Quote:

Sarah: An emperor’s unfinished quest..what were those lines by Bahadur Shah about two days of desire and two days of existence!

Prabhat Sharma:

‘ Umre daraz maang ke laye the chaar din,

Do aarzoo mein guzar gaye , do intezaar mein!’

( I wished for a long life, was granted four days in all-

Two  were spent in tears, another two in waiting.)

It is an erudite book, and has been enacted on stage, with Tom Alter playing the key role.

The need today, is to weave threads of human emotions together, to discover how very similar we are, when faced with life’s challenges. Language, time, space, genre regardless.

The intense pain of being away from his beloved land, is like a serpent’s breath in Zafar’s poems.

‘ Na kisi aankh ka noor hun,na kisi dil ka karar hun

Jo kisi ke kaam na aasake mein  vo ek muste ghubar hu.’

(I am not the delight of any eyes nor a heart’s yearning

Not of use to anyone, just a fistful of dust)

******

Four texts,  different genres, four languages, same emotion.

Beloved is an imagery:  loved one or mother land. Bereft of the beloved,  life itself reminds of a serpent’s breath.

History, poetry,  mythology will resonate to that concept; along with humanity.

****

Shadow and Light

In Kerala folk versions of Mahabharata, there is one which has the story of ” shadow kill” or Nizhalkutthu. Duryodhan hires a hunter who  dabbles with black magic  and asks him to kill off the Pandavas by performing Nizhalkutthu. Literally, it means, stabbing the shadows dead- leading to the death of the living bodies. Something like a shadowy voodoo ritual. The hunter returns home victorious, with many gifts from the King,  telling his wife that he killed off five fledglings of a bird using black magic. She  understands that the Pandavas are dead; and is outraged by his evil. Then, to show him what it really means to lose an off spring,  she kills their son in front of him.

The famed film maker Adoor Gopalakrishnan made a movie by the same name, Nizhalkutthu, based on the story of the last hangman of Travancore. The symbolic meaning of the original story, was carried on in the film, about meaningless killings- whether done as part of duty or to teach a lesson.

In the original Nizhalkutthu Attakatha, based on which Kathakali is performed, Lord Krishna gives life to the dead Pandavas and also to the dead son of the hunter. All is well, and of course, innocents do not die in a meaningless manner. The viewer is happy and hopefully has reflected on the way,  human talents are wasted in unethical ways for the sake of earning the King’s favours. Perhaps, he or she also reflected on the impulsiveness of human nature and how ‘an eye for an eye ‘ philosophy of the huntress, left everyone blind.

In Sundarakanda of  Sri Ramcharitmanas by Goswami Tulsidasji,  is the description of the Shadow-Catcher! She is a demon, who lives in the oceans and catches the shadows of everything that flies in the sky. She pulls the shadows that are reflected on the water .  All which  once flew in the sky, fall down into her clutches. She proceeds to eat them. Well, she meets her match in Hanumanji, whose shadow she catches.He sees through her evil, kills her and proceeds to Lanka.

” Nisichary ek sindhu mahu rahai/ Kari maya nabhu ke kha gahaye

Jeevi janthu je  gaganchar udahy/ Jal biloki tinh hai parichahy

Gahai chah sak soh na udai/Ehi bidhi Saha gaganchar khayi

Soyi chal Hanuman kah kinha/ Tasu kapadu kapi turanthuhu chinha”

I am intrigued by the  similiar tale from  Mahabharatha of  the South and  Ramayana of  the North. Shadow Catchers and Shadow Stabbers are so common in society. They specialise in destroying high spirited beings through manipulation and games behind their backs. Gossip, petty talk, conspiracy, plain evil lead to many deaths- symbolic and real.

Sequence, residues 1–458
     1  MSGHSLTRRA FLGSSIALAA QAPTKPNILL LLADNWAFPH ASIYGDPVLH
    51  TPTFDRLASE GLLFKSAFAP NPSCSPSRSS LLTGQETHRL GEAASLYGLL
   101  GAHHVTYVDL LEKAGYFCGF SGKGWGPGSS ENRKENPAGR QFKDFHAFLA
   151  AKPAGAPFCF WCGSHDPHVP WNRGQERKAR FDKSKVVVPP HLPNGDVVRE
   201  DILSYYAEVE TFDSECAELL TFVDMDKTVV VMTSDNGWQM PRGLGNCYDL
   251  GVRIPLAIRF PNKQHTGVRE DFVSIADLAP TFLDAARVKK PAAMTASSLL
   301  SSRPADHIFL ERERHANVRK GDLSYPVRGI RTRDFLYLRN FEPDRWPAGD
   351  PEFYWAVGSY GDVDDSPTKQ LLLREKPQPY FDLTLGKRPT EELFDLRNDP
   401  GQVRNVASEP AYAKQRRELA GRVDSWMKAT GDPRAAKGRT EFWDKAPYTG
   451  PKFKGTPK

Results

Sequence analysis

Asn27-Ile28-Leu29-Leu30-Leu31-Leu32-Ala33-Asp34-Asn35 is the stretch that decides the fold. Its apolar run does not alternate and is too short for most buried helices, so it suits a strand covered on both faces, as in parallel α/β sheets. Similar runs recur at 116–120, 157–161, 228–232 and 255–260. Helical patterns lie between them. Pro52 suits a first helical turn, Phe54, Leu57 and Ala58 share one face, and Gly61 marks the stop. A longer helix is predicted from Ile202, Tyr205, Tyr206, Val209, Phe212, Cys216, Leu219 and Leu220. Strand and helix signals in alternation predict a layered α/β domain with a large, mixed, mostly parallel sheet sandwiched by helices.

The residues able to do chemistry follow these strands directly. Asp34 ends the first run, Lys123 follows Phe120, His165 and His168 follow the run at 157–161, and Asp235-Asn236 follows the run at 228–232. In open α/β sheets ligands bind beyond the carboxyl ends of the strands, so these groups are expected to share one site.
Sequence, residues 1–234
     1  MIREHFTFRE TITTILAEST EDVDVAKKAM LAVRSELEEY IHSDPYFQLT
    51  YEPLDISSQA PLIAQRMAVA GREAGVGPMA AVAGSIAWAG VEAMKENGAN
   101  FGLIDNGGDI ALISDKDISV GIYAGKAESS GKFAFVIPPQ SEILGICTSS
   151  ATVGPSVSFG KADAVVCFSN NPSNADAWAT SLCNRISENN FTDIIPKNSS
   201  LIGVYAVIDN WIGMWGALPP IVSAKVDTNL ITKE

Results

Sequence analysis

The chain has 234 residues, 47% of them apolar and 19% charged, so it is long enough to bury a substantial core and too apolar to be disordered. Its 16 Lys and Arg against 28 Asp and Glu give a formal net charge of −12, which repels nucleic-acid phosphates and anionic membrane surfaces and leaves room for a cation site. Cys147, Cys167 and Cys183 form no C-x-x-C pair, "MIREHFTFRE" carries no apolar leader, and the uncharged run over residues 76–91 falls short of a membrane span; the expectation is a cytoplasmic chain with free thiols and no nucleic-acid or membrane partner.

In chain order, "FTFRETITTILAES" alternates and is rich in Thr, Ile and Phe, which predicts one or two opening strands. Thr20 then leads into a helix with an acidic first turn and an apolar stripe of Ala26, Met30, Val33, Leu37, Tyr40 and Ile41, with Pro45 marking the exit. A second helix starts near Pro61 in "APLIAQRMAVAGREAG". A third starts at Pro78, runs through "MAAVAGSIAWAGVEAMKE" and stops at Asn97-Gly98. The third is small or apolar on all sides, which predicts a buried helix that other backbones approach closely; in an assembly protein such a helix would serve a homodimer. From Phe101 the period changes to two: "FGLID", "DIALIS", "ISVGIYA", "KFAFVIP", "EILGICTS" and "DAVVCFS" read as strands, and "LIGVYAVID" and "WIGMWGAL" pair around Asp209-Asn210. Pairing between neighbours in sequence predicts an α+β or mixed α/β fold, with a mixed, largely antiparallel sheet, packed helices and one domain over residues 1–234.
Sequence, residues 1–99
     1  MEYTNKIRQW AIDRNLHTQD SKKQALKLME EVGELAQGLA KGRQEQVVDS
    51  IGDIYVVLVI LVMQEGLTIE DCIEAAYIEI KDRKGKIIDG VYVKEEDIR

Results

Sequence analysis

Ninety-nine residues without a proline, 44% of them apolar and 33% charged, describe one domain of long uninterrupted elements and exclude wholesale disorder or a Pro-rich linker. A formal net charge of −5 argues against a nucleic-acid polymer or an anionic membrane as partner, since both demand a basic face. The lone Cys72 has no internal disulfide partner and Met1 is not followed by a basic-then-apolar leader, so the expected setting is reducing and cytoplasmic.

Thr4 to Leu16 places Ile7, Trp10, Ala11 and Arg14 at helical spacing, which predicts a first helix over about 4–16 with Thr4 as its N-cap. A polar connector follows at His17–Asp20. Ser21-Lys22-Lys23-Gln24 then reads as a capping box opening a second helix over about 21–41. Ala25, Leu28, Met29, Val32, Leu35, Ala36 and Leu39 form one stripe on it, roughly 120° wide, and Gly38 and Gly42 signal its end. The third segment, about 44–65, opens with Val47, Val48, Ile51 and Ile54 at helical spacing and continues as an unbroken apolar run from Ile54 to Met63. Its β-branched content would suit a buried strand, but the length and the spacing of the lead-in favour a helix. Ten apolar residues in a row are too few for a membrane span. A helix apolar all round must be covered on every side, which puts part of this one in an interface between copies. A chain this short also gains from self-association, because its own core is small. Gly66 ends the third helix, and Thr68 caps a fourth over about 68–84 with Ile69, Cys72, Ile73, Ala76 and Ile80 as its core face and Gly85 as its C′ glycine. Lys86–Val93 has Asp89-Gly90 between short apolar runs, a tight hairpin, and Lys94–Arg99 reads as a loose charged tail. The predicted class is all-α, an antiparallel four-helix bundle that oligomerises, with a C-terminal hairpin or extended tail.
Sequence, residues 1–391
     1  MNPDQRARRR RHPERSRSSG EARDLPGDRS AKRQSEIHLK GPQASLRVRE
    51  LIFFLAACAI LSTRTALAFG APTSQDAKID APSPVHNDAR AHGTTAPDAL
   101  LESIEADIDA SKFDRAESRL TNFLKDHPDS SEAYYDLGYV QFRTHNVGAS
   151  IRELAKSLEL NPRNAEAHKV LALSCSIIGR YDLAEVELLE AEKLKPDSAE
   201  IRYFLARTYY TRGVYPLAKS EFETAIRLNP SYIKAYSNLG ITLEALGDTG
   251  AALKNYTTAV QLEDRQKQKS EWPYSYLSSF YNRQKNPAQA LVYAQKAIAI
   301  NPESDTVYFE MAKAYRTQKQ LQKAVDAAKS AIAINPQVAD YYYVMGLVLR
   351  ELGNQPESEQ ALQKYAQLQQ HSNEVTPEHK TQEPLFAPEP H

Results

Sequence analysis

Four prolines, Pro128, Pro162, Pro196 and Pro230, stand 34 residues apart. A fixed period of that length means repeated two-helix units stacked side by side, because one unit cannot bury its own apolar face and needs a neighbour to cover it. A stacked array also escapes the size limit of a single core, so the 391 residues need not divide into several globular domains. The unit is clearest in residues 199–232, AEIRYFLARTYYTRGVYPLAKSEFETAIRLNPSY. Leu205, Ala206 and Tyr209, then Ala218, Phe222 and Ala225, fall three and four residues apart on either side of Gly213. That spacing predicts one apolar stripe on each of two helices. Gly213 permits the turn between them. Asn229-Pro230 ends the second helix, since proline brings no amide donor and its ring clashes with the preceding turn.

Did the great writers, want us to ruminate on Soul Catchers and Soul Stabbers of the mortal kind? After all, to destroy one’s spirit is an equal form of murder.

Like Lord Krishna who gave life back to the innocent victims, it is time perhaps to wonder on whether we contribute to killing off spirits of people who are near us or whether we give life and energy to others through our words and efforts. And whether we have the spirit to call a shadow catcher in the sea/ rye/ nearby -by the name and stop his or her nefarious functioning like Hanumanji himself.

*******

Knotting and Noting About It

The story:

So the Tathagata, had a piece of cloth is his hand. As others watched in awe, he made six knots, one after the other.

” Is the cloth the same or different?” he asked.

Many learned explanations emerged.

“Of course, the cloth is the same, even with knots.”

” Now let me get it undone,” he said, and pulled strongly in both directions.

The disciples tittered.

” No, that way, you deepen the knots and make them more complex. The only way out is to understand , how you knotted each originally,  and undo each knot in that manner,” they explained.

” So it is with life’s problems,” smiled the Buddha. ” Understand the root cause of each knot that you are facing, owe up to your role in creating it, and try to undo each in that manner.”

******

I reflect on that one.

How very true! I am responsible for each knot of difficulty in my life and I very actively played a role in creating it.

Need for external validation, for example, makes you vulnerable to hurt and distress. That is a knot which attracts all sorts of complications! If you seek it from unworthy people, those who simply do not have the inner grace to see the light within you, you are left to pull it frantically in all directions and suffocate in the process.

Following the Wise One, all I need to do, is to simply stop wanting that validation from outside. Easier said, than done! But definitely, the healing begins. And the happiness too.

********

Speaking of knots, I remember Susan Glaspell’s terrific short story, ” A jury of her peers,” later made into a classic play called ‘Trifles.’

Knots, played an important part in that murder mystery.”To quilt it or knot it?” is the lynch pin of the drama.

You can read at:

(http://www.one-act-plays.com/dramas/trifles.html)

Yes,I conclude, you can unknot a problem, only if you observe closely, how it came to be knotted in the first place!

*************